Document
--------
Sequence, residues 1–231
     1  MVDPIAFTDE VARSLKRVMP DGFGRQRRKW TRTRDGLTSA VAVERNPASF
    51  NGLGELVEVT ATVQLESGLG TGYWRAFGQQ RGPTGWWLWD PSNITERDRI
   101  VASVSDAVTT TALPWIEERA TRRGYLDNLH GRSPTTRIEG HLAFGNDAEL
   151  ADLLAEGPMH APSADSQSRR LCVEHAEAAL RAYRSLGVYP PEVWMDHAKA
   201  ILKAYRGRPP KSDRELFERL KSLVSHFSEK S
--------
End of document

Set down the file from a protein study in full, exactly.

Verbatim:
Sequence, residues 1–231
     1  MVDPIAFTDE VARSLKRVMP DGFGRQRRKW TRTRDGLTSA VAVERNPASF
    51  NGLGELVEVT ATVQLESGLG TGYWRAFGQQ RGPTGWWLWD PSNITERDRI
   101  VASVSDAVTT TALPWIEERA TRRGYLDNLH GRSPTTRIEG HLAFGNDAEL
   151  ADLLAEGPMH APSADSQSRR LCVEHAEAAL RAYRSLGVYP PEVWMDHAKA
   201  ILKAYRGRPP KSDRELFERL KSLVSHFSEK S